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Free Range Kids

Maybe kids are not as breakable as I thought. Could it be that my anxieties about falling from a bicycle and eating spoiled eggs and falling from a trampoline are more dangerous than a scrape, occasional bellyache, or even twisted ankle?
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What if you lose your son for a minute in the mall? Will he be snapped up by a deviant with yellow teeth and a Def Leppard T-shirt?

Lenore Skenazy, author of Free Range Kids, says, "Absolutely not."

Skenazy is hell-bent on showing parents that the world is not as unsafe as they think. Her self-proclaimed cause: "Fighting the belief that our children are in constant danger from creeps, kidnapping, germs, grades, flashers . . . baby snatchers, bugs, bullies, men, sleepovers and/or the perils of a non-organic grape."

I disagree with her about the non-organic grape. But otherwise, I'm onboard. My son is 7-years-old and seeking more independence, so I can use a dose of her anti-anxiety medicine.

Skenazy wants us to stop being helicopter parents. She wants us to let kids play outside, experiment, and be more independent. This, she posits, makes them happier, smarter, and more empowered.

In the Netherlands, reports Skenazy, 4-year-olds romp around the playground unattended. In Lithuania, parents still leave their babies in strollers outside the market while they shop. And in lots of places around Europe, little kids ride their bicycles to school. This is true. My friend Yolanthe, who has moved to the Netherlands, confirms, "Yes, kids start riding at age four so they can bike to school by five."

Skenazy notes that when we hover over our kids to protect them, kids get the message that they're helpless without us. So what should we do? Says Skenazy, "Train our kids to look both ways, wash their hands, and never go off with strangers," and then give them some freedom.

In my favorite chapter of the book, Skenazy encourages us to reclaim Halloween. She wants kids to trick-or-treat without parents, she wants folks to give out home-baked cookies and brownies, and she wants to get caramel apples, candy apples, and plain old apples back into the mix. So she looked into the number of Halloween poisonings and deaths.

Guess what she found.

One hundred?

One thousand!?

Oh, my! Save us! Certainly not four thousand?!

Nope. Zero. A big doughnut. Joel Best, professor of sociology and criminal justice at the University of Delaware, studied crime reports dating back to 1958 and found zero recorded incidents of trick-or-treaters being injured or dying from apples with razor blades or poisoned Halloween candy.

Skenazy has changed me. There is no doubt that kids need more free time and more play outside. And that empowering kids with appropriate levels of independence makes them stronger and more self-confident. After all, if we never remove the training wheels and don't let go of the bike, our children can never learn to ride.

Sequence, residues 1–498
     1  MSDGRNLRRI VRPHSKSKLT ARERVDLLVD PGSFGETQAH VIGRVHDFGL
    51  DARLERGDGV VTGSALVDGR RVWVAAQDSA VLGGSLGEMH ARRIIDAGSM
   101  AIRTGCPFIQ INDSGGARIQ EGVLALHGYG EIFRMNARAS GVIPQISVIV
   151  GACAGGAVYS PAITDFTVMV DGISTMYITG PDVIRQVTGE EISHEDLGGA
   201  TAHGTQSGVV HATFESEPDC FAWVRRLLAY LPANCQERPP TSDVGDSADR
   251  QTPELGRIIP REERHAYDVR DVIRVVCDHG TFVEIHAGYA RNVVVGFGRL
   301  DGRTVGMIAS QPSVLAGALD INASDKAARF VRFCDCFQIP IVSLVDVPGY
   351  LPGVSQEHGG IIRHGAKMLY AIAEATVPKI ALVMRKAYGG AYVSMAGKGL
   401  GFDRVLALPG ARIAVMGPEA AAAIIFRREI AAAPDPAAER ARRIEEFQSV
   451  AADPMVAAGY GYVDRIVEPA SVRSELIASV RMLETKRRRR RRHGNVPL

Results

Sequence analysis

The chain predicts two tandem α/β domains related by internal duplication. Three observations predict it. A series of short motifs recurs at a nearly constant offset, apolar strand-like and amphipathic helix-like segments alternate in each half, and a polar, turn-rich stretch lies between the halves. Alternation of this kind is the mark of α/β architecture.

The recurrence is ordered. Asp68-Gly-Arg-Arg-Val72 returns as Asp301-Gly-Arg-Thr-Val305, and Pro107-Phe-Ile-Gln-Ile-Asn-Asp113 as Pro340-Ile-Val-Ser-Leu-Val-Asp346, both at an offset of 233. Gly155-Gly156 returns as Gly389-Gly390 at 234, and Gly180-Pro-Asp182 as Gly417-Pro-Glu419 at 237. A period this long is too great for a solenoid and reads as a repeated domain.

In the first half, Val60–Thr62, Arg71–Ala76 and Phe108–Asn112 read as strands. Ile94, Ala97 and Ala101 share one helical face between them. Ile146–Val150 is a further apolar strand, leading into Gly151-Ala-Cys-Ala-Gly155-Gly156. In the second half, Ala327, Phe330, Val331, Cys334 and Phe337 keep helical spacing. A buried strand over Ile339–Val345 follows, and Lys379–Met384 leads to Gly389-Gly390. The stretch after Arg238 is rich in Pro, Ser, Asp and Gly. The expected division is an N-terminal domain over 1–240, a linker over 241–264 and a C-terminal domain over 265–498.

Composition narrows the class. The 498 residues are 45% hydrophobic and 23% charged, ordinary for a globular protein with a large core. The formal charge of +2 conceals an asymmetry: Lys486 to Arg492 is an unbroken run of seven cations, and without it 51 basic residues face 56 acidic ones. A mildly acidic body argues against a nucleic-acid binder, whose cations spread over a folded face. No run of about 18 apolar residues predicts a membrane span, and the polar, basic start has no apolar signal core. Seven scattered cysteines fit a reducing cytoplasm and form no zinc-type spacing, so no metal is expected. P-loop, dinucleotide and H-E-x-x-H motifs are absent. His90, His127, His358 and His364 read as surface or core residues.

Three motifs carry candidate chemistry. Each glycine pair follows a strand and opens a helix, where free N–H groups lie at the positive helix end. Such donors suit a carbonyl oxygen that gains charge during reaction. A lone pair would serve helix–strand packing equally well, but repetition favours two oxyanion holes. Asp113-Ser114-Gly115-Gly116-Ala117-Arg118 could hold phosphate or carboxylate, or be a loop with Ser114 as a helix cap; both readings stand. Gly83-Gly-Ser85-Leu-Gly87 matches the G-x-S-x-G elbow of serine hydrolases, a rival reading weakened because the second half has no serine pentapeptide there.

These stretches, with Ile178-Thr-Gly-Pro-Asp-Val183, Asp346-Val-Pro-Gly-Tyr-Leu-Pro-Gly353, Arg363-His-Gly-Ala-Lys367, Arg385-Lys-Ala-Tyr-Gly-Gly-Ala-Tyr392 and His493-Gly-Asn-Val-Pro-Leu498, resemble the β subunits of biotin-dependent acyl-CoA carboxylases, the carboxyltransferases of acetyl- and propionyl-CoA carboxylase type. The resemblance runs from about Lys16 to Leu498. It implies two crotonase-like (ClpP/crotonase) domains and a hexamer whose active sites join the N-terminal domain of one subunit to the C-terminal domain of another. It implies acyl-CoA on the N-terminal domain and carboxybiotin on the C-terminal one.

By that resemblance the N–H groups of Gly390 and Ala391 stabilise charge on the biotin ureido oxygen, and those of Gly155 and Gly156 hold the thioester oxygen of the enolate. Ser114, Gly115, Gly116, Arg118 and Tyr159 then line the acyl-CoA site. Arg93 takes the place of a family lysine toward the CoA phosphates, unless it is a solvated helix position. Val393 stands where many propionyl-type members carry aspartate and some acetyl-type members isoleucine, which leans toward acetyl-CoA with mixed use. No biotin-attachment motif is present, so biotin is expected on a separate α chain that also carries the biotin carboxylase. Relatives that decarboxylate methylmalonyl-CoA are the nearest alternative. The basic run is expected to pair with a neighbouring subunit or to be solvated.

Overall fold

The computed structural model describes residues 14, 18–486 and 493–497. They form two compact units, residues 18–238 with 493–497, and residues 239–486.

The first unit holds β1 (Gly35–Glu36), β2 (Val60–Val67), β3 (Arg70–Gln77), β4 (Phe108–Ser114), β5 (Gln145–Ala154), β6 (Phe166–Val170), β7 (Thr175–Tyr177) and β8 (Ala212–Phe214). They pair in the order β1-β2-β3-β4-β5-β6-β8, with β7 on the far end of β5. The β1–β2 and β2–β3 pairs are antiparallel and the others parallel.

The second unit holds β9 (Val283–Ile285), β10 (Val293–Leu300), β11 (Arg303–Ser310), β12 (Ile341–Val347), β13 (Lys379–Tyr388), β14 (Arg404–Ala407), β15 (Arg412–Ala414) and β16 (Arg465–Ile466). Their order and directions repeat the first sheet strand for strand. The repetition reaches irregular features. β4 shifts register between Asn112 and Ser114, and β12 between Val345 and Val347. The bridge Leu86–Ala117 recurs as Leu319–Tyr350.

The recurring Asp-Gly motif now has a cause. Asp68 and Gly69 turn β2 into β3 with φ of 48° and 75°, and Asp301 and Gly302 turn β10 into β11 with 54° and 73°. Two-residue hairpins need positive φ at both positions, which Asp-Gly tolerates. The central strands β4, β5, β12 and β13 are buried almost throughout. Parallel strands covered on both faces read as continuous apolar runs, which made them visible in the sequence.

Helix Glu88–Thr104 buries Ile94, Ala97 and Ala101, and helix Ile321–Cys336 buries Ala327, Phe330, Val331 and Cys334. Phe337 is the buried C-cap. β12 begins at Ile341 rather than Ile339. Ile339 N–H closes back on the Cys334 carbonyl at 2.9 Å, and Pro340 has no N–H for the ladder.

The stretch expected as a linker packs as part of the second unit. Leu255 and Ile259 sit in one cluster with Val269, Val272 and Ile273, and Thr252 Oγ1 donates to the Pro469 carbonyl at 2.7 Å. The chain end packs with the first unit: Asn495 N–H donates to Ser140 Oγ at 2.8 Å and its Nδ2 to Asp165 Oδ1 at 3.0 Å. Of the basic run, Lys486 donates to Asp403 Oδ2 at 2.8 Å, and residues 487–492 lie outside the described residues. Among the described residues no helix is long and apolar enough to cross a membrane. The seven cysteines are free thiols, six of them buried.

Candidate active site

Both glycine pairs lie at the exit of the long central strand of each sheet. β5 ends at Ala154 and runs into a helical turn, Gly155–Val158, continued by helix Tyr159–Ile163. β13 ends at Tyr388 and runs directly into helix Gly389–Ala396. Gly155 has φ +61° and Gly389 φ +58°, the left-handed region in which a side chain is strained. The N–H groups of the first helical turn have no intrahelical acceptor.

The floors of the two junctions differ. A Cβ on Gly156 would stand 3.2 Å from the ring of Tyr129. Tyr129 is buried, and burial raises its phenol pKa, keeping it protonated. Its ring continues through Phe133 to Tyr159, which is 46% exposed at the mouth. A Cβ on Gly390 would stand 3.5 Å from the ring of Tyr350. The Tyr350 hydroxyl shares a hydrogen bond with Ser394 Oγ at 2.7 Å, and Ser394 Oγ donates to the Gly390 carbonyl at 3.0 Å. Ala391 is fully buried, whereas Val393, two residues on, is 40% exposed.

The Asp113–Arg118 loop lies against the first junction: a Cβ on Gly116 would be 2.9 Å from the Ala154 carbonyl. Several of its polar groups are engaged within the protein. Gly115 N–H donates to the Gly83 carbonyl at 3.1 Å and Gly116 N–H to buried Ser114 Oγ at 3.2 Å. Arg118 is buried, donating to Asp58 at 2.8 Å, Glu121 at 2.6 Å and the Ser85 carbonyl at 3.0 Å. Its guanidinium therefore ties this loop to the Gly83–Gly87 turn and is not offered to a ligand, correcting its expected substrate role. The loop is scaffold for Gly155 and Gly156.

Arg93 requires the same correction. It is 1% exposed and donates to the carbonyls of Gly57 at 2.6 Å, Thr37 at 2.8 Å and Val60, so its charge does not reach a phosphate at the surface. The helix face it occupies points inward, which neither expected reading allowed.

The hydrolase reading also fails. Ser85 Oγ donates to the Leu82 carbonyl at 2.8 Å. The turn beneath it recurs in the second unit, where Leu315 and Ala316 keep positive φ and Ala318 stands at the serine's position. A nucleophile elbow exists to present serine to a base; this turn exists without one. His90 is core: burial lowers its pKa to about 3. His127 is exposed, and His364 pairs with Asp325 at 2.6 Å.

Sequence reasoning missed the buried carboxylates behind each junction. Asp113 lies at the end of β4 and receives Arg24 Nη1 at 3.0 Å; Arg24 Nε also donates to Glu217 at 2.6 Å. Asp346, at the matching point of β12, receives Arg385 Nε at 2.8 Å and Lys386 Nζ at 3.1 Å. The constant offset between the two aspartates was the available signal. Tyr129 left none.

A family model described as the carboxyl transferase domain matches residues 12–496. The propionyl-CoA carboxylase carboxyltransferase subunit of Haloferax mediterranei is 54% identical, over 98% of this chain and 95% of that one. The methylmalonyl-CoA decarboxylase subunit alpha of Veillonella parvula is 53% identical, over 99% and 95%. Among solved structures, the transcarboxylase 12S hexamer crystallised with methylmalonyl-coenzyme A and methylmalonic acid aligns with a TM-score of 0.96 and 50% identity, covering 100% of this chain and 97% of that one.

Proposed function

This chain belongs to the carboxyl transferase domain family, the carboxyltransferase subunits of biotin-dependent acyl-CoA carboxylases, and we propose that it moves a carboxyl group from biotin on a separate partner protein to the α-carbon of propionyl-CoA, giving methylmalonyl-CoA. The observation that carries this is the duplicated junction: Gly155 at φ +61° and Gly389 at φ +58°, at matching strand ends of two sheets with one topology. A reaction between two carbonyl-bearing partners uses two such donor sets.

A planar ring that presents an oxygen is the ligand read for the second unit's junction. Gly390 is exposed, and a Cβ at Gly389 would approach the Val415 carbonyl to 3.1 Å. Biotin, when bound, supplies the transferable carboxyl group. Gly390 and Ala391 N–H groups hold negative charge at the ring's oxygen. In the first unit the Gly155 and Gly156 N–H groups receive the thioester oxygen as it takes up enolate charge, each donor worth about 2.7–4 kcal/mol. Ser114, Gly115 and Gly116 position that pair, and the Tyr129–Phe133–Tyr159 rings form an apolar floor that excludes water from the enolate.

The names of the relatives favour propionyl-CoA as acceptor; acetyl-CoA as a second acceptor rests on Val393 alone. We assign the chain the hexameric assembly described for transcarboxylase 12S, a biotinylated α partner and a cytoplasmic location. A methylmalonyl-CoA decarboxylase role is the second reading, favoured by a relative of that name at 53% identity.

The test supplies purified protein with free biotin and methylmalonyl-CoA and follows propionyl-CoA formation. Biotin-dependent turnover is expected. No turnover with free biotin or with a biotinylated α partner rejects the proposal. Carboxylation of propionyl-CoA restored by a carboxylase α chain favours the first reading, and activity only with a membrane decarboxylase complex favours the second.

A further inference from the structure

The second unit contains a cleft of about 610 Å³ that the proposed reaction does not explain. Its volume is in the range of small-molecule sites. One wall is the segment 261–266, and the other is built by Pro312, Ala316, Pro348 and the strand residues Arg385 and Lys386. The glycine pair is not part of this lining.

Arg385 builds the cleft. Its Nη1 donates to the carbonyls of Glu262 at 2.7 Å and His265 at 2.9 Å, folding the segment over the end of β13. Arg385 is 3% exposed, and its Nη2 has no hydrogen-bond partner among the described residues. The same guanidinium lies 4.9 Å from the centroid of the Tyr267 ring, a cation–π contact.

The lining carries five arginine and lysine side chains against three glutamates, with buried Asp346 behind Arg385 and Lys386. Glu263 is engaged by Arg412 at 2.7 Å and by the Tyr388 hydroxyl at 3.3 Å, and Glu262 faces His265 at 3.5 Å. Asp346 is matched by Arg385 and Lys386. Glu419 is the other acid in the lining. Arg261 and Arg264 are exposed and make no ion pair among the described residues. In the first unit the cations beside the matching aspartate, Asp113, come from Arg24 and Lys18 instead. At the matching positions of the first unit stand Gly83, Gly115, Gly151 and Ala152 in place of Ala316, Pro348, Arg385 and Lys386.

So even amid my fears and reservations, I've found myself going free-range. Just last week I asked Noah to venture a few aisles away from me in the supermarket to pick out fruit. And yesterday, when Noah and I were supposed to go for a bicycle ride together but I needed to stay home with Benji, I found myself saying, "Go ahead, sweetie. You can ride by yourself down the road to Marc Circle (a cul-de-sac) and do some loops."

Noah was thrilled. He tore off down the street. He gathered speed, neared Marc Circle, started turning, took it a bit too wide, hit his tire on the curb, flipped off his bicycle, hit his bike helmet against the pavement, rolled two times, and cried.

I jogged to him.

He could stand.

I patted him down. Bloody scrapes on his knees and right elbow, but nothing serious.

I carried him home.

We are suing Skenazy.


But the experiment was actually a massive success. Noah stood proudly as Gwen washed his knees and elbow. Proud not of his cuts but of his independence. Proud of his short mission. And happy, I think, that I believed in him. That I trusted him. If I trust him, well then, he figures, he must be pretty great.

Maybe kids are not as breakable as I thought. Could it be that my anxieties about falling from a bicycle and eating spoiled eggs and falling from a trampoline are more dangerous than a scrape, occasional bellyache, or even twisted ankle? Maybe fearing nature is actually more harmful to health than an occasional beesting? Maybe as I come to realize how strong Noah and Benji are, they will believe it too.

And maybe, just maybe, as I come to see that strangers are not in fact incompetent, evil, and plotting but are instead, competent, kindly, and trustworthy, then perhaps I will finally accept that so, too, am I.

Excerpted from the new book Misadventures of a Parenting Yogi ©2014 by Brian Leaf. Published with permission of New World Library